October 9, 2007 5:02 AM PDT

Wikipedia for politics? A new site gives it a try

A political Web site set to launch on Tuesday plans to become a kind of Wikipedia-like destination specializing in elections, governments, and political candidates.

The idea behind PoliticalBase.com is to provide a neutral, one-stop source of information about politics (and politicians) to which anyone can contribute. Changes must be approved by a staff editor before they take effect.

Shelby Bonnie, who served as chief executive of CNET Networks from March 2000 to October 2006, is funding PoliticalBase.com and has moved it into offices in Sausalito, Calif. Four former CNET employees, including Mike Tatum of Chow.com, have joined him.

Bonnie says his new advertising-supported venture benefitted from his experience with technology reviews built atop a database of product names, specifications and user opinions. "We've made a database of people. We've made a database of issues. We've made a database of advocacy groups. We've used the (Federal Election Commission) data," he said.

Most wikis and wiki platforms--including the general-interest Wikipedia; EmacsWiki, a text-editor resource popular among computer programmers; and PBWiki, for business collaboration--tend to be free-form and allow users to veer in any direction. Even Campaigns Wikia, which Wikipedia founder Jimmy Wales launched last year, takes that approach.

Like Wikinvest, which recently raised $2.5 million in funding, PoliticalBase.com is more structured. It has entries for hundreds of politicians and government entities ranging from Chippewa County, Minn. to Sen. Hillary Clinton. (If the entry is blank, as Chippewa County's is, visitors are asked to fill in the details.)

In addition, bloggers can embed live PoliticalBase.com charts showing political candidates' fund-raising on their own blog sites by copying and pasting a small chunk of Flash code into their Web page.

"This is a category where people tend to be passionate," said Bonnie, who hopes to tap into political candidates' 2008 advertising budgets.

Bonnie said that some upcoming features--such as pages listing politicians' votes on the No Child Left Behind Act or the federal Assault Weapons Ban--would be added in the next six months.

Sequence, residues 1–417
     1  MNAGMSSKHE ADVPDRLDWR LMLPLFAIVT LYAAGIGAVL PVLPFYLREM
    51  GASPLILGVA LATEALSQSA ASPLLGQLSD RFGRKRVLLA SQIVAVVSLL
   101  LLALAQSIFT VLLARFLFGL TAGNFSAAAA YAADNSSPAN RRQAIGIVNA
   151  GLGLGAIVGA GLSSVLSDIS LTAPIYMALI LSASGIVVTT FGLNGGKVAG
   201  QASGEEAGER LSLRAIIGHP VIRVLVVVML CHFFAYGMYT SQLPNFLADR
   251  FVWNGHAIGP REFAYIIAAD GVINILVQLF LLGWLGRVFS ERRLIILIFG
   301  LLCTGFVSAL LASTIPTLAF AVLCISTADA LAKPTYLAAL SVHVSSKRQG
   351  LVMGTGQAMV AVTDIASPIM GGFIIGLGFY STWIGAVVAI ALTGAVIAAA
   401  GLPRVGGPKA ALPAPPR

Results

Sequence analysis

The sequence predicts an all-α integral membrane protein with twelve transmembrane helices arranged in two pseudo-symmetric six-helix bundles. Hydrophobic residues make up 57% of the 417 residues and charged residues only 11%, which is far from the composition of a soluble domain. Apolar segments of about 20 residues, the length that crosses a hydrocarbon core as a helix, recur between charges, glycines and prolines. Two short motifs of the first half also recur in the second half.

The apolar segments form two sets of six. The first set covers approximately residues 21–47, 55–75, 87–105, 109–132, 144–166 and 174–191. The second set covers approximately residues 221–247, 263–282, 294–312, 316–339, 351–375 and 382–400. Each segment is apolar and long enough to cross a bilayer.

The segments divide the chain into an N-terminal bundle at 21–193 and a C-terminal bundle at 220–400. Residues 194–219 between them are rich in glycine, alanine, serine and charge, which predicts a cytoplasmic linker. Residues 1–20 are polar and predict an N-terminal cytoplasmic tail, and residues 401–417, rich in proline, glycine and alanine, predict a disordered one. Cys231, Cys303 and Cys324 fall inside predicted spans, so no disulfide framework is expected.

The PoliticalBase.com domain name was purchased for $10,220 in August, according to a report in DN Journal.

Editor's note: Bonnie, a CNET Networks co-founder, resigned as chief executive officer last year as part of an internal investigation into stock options backdating. News.com is published by CNET Networks.

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Never going to happen
"The idea behind PoliticalBase.com is to provide a **neutral**, one-stop source of information about politics (and politicians) to which anyone can contribute. "

Not going to happen. 'Neutral' is purely in the eye of the beholder. Even if the writer thinks they're being 'Neutral', subtle word usage and other keys show bias. Or, if they think they are being neutral between both sides - what if there's a 3rd side of the argument that gets ignored? Just look at wikipedia. They've made *great* strides over the years, but bias is still clearly evident in topics that have current political implications. Even if the tone is neutral, the inclusion and exclusion of events/scandals/criticisms/references will show bias.

A more honest approach is full disclosure. That is, say 'we're a commie/wingnut wiki - thats our approach so you know where we're coming from'.
Posted by LuvThatCO2 (187 comments )
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I can be neutral...
It can be neutral in the sense that all different perspectives can be represented and all sides debated (unlike our current system). This is hopefully the new face of democracy where the people really do have a voice. I have not visited the site yet, but have been wondering why we have not headed in this direction years ago. A single individual is almost always biased, but by having sveral different biased views together you can really find out where disagreements are at. Better yet is when you realize that an opposing view is not really that opposite of yours, but rather a misunderstanding of symantics and syntax. Best of all is the colaboration of countless minds to analize the pitfalls of any issue or proposal, that collective intelligence that the Internet provides is greater than any body of politicians, judges or lawyers.
Posted by chash360 (394 comments )
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This obviously should be the primary subject of the new site.
Posted by eaotan (1 comment )
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I tried to have a look at the website today and was unable to connect, I assume that it has gone down.

I've started a similar site called http://www.politicswiki.ie however it is limited to Ireland.

What we do is like wikipedia in that while not all the information is neutral, it is still backed up by citations from other sources.

We are also non profit, so we are not going to fall apart due to a lack of advertising revenue.

The problem is, that we're also tiny, we have very few contributors and there is a lot of work involved in getting enough information to be really useful.
Posted by StephenLacy (1 comment )
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